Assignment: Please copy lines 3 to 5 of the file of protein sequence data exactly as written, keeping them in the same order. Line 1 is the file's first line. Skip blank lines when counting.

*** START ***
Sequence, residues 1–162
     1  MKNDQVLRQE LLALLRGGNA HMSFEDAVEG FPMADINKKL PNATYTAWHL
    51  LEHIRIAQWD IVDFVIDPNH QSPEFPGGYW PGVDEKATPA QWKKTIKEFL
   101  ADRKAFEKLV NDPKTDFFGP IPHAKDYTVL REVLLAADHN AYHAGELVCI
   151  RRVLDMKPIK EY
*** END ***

    51  LEHIRIAQWD IVDFVIDPNH QSPEFPGGYW PGVDEKATPA QWKKTIKEFL
   101  ADRKAFEKLV NDPKTDFFGP IPHAKDYTVL REVLLAADHN AYHAGELVCI
   151  RRVLDMKPIK EY